|“||Mark 2:27 And he said unto them, The sabbath was made for man, and not man for the sabbath:||”|
That being said though, there are actually a number of other passages that mention God being weary including Isaiah 1:14, 7:13, 15:6, 43:24, and Malachi 2:17. Therefore I see two possibilities:
1. Isaiah 40:28 was just referring to physical weariness, which God is never said to be. In each case it refers to God being spiritually grieved or wearied at mankind's sinfulness, rather than actual physical exhaustion. As observed by Probe, "The idea is not that God is 'tired' in the sense of 'fatigued.' Rather, God is weary of holding back His righteous judgment... These are not the words of a being who is tired in the sense of needing rest. These are the words of one who is tired of restraining His righteous judgment."
2. A second possibility may be that the Isaiah 40:28 passage is actually getting mistranslated from the Hebrew. It is the only passage in the entire Bible that I am aware of to be translated as saying God does not get weary, after all. Reading the interlinear does not show any word translated "not" so perhaps the passage should actually read "Have you heard of the everlasting God Jehovah, Creator of the utmost parts of the Earth? Faint and weary, seek wisdom."
|“||Isaiah 40:28 Hast thou not known <yada`>? hast thou not heard, <shama`> that the everlasting <`owlam> God, <'elohiym> the LORD, <Y@hovah> the Creator <bara'> of the ends <qatsah> of the earth, <'erets> fainteth <ya`aph> not, neither is weary <yaga`>? there is no searching <cheqer> of his understanding. <tabuwn>||”|
In other words, rather than referring to God, the words could be a directive to those who are faint and weary to seek God's wisdom. Using PowerBible CD, the interlinear does not show any words in the passage translated "not" or "neither" so perhaps those are specific to later manuscripts, an error that crept in? If so, checking the oldest manuscripts for Isaiah such as the Great Isaiah Scroll might reveal that the passage is just being slightly mistranslated, and never said God does not grow weary.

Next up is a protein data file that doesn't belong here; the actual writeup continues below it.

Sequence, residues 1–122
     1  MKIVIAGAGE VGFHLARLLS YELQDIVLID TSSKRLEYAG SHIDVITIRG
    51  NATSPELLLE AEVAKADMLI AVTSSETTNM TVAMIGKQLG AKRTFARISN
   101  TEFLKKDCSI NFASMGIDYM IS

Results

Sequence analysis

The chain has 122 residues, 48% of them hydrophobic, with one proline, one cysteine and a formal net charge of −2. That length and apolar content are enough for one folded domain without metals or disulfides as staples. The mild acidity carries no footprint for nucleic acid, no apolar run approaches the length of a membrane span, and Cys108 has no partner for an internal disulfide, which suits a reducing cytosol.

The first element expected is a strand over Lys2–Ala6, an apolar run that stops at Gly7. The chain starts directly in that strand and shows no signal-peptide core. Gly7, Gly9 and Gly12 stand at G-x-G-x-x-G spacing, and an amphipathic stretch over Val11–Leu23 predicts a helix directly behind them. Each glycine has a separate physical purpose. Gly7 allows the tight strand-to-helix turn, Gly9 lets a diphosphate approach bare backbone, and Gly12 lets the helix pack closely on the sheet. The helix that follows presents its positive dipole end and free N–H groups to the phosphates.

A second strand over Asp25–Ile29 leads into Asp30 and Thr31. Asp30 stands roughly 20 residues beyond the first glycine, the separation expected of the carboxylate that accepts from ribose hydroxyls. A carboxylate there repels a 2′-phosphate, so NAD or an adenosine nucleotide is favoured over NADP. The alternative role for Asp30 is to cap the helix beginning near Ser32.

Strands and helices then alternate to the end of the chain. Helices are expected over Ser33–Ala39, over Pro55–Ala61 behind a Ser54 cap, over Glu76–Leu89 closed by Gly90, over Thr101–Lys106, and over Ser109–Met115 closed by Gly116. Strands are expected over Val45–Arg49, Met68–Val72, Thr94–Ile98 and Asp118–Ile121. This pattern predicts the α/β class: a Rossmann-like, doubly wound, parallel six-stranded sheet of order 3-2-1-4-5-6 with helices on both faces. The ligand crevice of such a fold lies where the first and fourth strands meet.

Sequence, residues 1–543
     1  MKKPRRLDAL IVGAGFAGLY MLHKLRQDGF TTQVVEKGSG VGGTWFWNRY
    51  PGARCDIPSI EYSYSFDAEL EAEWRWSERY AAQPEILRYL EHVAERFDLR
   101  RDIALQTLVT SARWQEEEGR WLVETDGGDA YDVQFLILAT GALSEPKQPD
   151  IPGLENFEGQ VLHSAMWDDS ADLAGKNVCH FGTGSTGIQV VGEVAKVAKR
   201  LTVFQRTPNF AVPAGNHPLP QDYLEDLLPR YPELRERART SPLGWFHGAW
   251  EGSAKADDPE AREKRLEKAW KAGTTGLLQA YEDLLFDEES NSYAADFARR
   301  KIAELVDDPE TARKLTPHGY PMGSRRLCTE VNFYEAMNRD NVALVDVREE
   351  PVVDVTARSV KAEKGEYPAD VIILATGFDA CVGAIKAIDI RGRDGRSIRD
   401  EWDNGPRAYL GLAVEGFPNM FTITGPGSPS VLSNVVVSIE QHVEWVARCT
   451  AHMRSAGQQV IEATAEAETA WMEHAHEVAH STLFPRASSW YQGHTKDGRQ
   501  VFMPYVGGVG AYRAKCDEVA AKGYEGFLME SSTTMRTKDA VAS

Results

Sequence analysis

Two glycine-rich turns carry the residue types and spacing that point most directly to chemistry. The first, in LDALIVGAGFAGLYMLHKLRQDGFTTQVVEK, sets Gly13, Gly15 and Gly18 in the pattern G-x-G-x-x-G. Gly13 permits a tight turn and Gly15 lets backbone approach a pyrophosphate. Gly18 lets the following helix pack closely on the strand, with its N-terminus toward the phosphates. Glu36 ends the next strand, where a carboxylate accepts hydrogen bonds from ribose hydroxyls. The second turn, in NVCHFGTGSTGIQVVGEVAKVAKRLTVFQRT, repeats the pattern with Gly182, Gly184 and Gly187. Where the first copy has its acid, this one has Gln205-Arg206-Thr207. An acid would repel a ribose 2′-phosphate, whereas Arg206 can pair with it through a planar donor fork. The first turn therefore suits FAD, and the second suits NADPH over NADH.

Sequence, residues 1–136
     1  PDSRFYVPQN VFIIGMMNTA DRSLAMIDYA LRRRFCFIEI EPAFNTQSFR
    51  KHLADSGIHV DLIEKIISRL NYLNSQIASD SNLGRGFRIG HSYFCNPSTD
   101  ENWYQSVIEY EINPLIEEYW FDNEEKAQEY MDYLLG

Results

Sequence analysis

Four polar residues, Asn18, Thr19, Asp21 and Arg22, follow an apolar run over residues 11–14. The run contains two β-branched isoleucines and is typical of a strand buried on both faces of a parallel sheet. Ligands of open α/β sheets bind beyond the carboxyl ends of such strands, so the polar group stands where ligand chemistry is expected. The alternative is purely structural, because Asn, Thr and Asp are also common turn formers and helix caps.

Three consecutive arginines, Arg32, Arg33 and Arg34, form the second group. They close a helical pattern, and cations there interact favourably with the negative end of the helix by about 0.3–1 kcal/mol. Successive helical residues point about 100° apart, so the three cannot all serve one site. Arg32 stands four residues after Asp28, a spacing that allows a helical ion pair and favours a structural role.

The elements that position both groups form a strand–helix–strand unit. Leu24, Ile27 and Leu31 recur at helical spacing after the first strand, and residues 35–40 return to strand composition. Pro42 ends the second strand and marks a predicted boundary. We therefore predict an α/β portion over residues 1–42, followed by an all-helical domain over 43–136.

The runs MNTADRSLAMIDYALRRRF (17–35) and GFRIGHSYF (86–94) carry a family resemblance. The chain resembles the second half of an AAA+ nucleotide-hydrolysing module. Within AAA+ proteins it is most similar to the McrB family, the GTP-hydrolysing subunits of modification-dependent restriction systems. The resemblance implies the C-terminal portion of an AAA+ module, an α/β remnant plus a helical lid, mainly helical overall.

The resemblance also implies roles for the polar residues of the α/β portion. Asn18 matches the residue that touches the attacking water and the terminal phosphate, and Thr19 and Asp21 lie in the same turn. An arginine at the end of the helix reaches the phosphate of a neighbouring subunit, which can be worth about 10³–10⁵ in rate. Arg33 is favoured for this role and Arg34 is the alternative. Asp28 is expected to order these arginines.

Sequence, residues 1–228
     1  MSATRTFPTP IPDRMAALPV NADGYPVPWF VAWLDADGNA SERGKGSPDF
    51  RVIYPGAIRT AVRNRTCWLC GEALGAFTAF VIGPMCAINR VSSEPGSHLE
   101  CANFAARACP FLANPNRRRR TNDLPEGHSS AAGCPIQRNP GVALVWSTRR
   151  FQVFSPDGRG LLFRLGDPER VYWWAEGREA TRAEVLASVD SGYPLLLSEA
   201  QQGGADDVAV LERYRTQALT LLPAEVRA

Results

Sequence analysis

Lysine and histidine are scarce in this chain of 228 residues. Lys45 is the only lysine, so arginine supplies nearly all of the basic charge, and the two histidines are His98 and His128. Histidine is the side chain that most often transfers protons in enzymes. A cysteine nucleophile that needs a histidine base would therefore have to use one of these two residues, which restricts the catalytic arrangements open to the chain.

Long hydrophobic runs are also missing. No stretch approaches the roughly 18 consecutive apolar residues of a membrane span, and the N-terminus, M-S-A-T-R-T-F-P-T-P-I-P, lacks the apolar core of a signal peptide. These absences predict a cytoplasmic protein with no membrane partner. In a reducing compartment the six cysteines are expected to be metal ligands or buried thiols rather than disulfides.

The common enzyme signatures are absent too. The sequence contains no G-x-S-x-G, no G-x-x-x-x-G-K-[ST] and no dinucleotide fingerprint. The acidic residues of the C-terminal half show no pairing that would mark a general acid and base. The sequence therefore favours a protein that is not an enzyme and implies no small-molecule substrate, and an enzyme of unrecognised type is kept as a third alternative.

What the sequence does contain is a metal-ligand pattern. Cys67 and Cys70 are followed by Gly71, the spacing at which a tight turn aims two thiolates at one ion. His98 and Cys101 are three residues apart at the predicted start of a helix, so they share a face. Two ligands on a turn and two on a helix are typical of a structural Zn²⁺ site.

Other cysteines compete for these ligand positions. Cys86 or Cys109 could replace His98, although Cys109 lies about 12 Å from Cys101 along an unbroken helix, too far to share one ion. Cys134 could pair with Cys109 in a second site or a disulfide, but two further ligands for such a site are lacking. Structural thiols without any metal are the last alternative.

- Meritt, Jim (1992). A list of Biblical contradictions. Retrieved from http://www.infidels.org/library/modern/jim_meritt/bible-contradictions.html.
- Brown, Driver, Briggs and Gesenius. Hebrew Lexicon entry for Chuwg. The KJV Old Testament Hebrew Lexicon. Retrieved from http://www.biblestudytools.com/lexicons/hebrew/kjv/chuwg-2.html.
- Brown, Driver, Briggs and Gesenius. Hebrew Lexicon entry for Chuwg. The KJV Old Testament Hebrew Lexicon. Retrieved from http://www.biblestudytools.com/lexicons/hebrew/kjv/chuwg.html.
- Brown, Driver, Briggs and Gesenius. Hebrew Lexicon entry for Chagag. The KJV Old Testament Hebrew Lexicon. Retrieved from http://www.biblestudytools.com/lexicons/hebrew/kjv/chagag.html.
- Taylor, Paul S. (1997). Did Bible writers believe the earth was flat? Films for Christ. Retrieved from http://www.christiananswers.net/q-eden/edn-c015.html.
- Thiefe, Chris. Biblical Contradictions. EvilBible.com.
- Gleghorn, Michael. Help Me Understand These Bible Contradictions. Probe Ministries.